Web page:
Cotton producers have started receiving checks for their certified acres in the ginning cost share program — what amounts to “rocket speed for the government,” says Craig Brown, National Cotton Council vice president for producer affairs.CRAIG BROWN
“This has been about as seamless an implementation of a government program as we’ve seen,” he said at the joint annual meeting of the Mississippi Boll Weevil Management Corporation and the Mississippi Farm Bureau Federation Cotton Policy Committee.
“Credit goes to Secretary Vilsack and the Farm Service Agency, but a big share of credit goes to those in the cotton industry who worked so hard and were so effective in making a case to the secretary that cotton farmers needed assistance. It would have been easy for him to say, ‘No, good luck, go to Congress and see if you can get some help.’ But he found some very innovative authority to provide a one-time economic shot in the arm for cotton producers.”
Council and industry leaders asked Secretary Vilsack more than a year ago, Brown says, “to use what we thought was his authority to implement a cottonseed program in the farm bill. We made a very strong economic case; we enlisted bankers, representatives from all industry segments — a massive effort to make the case for cottonseed as an other oilseed crop.
“In February, Secretary Vilsack said he didn’t have the authority to do it, but — and this is extraordinary — he found some authority that he could use, and the result is the ginning cost share program. It’s not a panacea, it’s not going to rescue the cotton industry from the economic doldrums, but it’s welcome.”
Efforts continue on cottonseed legislation
Brown says the council and industry leaders haven’t given up on the concept of having cottonseed designated as a covered commodity. “We don’t think Secretary Vilsack will exercise his authority to do this, nor can we speculate whether subsequent secretaries would exercise the authority we believe is in the farm bill. Instead, we’re turning to a legislative approach. It will be a very difficult task, and will involve changes in the way programs are operated.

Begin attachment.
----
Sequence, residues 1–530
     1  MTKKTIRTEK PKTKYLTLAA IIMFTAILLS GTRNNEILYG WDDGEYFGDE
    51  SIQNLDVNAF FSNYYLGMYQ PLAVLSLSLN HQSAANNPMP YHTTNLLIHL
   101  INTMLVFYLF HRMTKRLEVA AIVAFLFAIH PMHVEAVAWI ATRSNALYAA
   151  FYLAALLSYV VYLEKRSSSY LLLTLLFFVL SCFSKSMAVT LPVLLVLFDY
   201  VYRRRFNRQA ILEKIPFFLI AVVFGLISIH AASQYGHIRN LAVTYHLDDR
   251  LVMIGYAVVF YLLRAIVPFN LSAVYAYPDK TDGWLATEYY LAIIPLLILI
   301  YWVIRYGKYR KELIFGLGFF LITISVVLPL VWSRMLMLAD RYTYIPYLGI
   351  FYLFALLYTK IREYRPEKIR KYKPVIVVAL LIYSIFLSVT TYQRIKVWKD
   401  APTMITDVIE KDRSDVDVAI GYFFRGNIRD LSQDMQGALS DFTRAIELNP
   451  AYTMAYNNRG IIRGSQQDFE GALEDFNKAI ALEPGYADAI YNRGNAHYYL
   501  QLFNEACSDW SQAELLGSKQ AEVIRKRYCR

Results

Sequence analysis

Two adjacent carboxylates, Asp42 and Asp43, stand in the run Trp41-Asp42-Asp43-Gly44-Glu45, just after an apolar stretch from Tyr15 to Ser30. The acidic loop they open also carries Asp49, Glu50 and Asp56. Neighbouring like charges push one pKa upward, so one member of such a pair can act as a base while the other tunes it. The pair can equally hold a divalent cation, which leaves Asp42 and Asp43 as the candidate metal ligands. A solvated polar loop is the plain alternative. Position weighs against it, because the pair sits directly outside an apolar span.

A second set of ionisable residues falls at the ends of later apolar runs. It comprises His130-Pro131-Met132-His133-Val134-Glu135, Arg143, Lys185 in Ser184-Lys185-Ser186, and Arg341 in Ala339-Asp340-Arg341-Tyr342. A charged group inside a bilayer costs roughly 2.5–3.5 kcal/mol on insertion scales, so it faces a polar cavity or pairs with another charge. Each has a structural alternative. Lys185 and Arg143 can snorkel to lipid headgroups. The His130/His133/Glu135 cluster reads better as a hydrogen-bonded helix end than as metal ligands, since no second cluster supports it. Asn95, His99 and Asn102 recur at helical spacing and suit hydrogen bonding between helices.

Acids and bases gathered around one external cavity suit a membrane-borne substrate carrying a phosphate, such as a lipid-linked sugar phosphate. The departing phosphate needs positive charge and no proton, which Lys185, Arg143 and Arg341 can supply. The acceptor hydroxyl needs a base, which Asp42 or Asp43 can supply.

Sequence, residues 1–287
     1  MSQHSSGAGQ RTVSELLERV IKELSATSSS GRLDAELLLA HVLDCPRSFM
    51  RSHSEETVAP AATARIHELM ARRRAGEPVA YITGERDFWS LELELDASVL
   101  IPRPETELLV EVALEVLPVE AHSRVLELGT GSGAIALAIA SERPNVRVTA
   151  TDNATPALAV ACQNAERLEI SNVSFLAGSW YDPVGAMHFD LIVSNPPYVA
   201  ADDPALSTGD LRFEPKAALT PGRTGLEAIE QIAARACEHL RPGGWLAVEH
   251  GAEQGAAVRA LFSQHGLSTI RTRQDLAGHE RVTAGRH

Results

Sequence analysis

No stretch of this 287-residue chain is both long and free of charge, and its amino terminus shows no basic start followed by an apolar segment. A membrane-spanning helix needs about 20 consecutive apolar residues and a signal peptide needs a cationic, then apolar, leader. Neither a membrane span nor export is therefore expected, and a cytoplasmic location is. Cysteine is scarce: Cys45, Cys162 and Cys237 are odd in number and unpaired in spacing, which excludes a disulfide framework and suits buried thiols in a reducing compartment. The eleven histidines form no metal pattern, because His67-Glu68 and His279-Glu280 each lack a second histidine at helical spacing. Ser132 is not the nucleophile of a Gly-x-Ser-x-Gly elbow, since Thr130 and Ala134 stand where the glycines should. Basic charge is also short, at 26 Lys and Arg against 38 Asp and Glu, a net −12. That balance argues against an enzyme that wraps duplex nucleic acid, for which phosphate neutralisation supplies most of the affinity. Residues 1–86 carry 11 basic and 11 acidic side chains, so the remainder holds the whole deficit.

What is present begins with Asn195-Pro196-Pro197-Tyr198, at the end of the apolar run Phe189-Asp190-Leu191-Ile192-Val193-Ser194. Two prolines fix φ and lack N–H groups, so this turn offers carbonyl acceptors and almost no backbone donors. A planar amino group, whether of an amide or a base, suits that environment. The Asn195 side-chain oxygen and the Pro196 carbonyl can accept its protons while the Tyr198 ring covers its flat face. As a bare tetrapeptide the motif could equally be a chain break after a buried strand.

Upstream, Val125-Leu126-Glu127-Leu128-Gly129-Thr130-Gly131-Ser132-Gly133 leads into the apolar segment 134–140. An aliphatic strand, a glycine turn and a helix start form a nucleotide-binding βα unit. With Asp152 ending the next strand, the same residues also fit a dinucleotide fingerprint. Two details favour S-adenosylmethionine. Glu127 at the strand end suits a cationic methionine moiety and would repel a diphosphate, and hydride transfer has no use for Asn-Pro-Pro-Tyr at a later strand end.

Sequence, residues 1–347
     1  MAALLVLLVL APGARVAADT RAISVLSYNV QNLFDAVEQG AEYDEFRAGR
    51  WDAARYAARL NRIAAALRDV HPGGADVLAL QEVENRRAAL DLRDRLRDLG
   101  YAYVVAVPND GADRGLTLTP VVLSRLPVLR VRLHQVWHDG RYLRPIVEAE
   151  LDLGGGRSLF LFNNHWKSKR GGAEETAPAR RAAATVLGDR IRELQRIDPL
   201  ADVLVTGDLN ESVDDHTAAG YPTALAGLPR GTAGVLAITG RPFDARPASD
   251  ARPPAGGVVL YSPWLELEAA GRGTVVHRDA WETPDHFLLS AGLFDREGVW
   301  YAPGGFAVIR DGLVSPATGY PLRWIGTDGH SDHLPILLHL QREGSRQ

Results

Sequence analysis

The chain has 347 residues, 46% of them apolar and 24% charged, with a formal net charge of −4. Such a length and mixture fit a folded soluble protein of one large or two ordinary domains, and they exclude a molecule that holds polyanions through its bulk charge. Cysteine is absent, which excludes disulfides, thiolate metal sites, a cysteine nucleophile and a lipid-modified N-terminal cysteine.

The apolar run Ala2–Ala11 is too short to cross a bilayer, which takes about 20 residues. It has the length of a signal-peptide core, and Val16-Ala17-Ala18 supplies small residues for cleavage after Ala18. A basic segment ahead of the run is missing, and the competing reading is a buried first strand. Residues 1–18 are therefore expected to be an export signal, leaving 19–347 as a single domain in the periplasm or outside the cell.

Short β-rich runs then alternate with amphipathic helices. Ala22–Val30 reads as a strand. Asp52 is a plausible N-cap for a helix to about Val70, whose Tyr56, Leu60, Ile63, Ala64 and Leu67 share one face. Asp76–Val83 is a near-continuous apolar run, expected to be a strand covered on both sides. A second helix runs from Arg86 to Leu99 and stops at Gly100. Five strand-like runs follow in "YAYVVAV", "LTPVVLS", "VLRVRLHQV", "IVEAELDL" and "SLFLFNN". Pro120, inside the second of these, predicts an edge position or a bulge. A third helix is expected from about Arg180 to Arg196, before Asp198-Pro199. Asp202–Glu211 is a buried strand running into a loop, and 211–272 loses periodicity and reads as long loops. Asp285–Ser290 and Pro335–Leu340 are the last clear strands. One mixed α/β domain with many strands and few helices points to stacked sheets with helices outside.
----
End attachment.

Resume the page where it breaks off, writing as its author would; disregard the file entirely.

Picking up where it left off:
“When a legislative opportunity presents itself, we want to be ready, and to be sure what we’re proposing is somewhat budget neutral. We’re working closely with House and Senate ag committee staffs, and out of this we hope to have an opportunity to get this proposal into legislation.”
Another council goal, Brown says, is to try and get changes to the loan rate formula in the farm bill for the 2017 crop. “This will be a tall order as well. We’re working on ideas to mitigate these loan rate changes.”
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July 1 was a significant date for producers, he says. “That was the extended status date for farm plans for the 2016 crop year. There are major changes in the ‘actively engaged’ management requirements in order to be eligible for any farm program benefits, including the marketing loan.”
The new rule “represents a very strenuous burden of a recordkeeping and delineation of management responsibilities,” Brown says, and for many farmers there is “a lack of understanding, or misunderstanding, of what constitutes family. The rule is based on family operations as defined by law, not as defined by family tree.
“The law defines family as lineal family. Spouses and siblings of lineal family members also qualify as family members, but once you break the lineal chain, or the chain is already broken, the whole operation is considered non-family. It can’t be partially family and partially not — it’s either all family or it’s not.
“The rule is very strict, and I think it’s clear it is going to be closely monitored. If you’re not familiar with it’s provisions, you need to take steps to make sure your operation is in compliance, because FSA will be enforcing it.
“This is going to affect a lot of traditional family operations,” Brown says. “It’s something to which you need to pay close attention. It’s in effect for 2016 unless you had a fall crop or had fall pasture; in that case, you will have a one-year abeyance to determine if the rule applies to your operation and to be sure you’re in compliance.”
Concern for off-label herbicides
In discussing new cotton varieties with dicamba and 2,4-D resistance traits, Brown said there is concern about off-label applications being made — “primarily dicamba, since those are the dominant traited varieties that have been planted.
“I express this concern as a representative of an organization that has been fighting diligently to get this chemistry labeled for cotton. We’re now going into the second season of dicamba-traited cotton varieties on which producers are not allowed to spray dicamba.
“The easiest way to lose this chemistry — or to further delay the much-drawn-out registration process — is to have a bunch of off-label applications. I would encourage everyone to resist temptation, follow the rules, and observe label restrictions on these new cotton varieties.”